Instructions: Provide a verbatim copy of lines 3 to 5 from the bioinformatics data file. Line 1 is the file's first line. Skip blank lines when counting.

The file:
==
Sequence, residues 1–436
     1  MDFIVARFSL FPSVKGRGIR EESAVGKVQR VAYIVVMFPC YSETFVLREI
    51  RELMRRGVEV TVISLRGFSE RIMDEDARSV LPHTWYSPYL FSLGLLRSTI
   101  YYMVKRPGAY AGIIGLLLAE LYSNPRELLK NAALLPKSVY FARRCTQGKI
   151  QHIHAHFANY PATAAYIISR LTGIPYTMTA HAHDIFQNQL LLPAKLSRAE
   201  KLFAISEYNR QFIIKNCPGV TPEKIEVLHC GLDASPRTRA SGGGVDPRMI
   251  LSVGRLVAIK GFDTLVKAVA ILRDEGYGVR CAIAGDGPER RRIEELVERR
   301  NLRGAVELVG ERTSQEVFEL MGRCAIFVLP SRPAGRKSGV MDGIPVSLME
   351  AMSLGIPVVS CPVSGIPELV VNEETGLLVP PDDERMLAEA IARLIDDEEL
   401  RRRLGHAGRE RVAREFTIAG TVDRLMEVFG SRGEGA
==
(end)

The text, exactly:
    51  RELMRRGVEV TVISLRGFSE RIMDEDARSV LPHTWYSPYL FSLGLLRSTI
   101  YYMVKRPGAY AGIIGLLLAE LYSNPRELLK NAALLPKSVY FARRCTQGKI
   151  QHIHAHFANY PATAAYIISR LTGIPYTMTA HAHDIFQNQL LLPAKLSRAE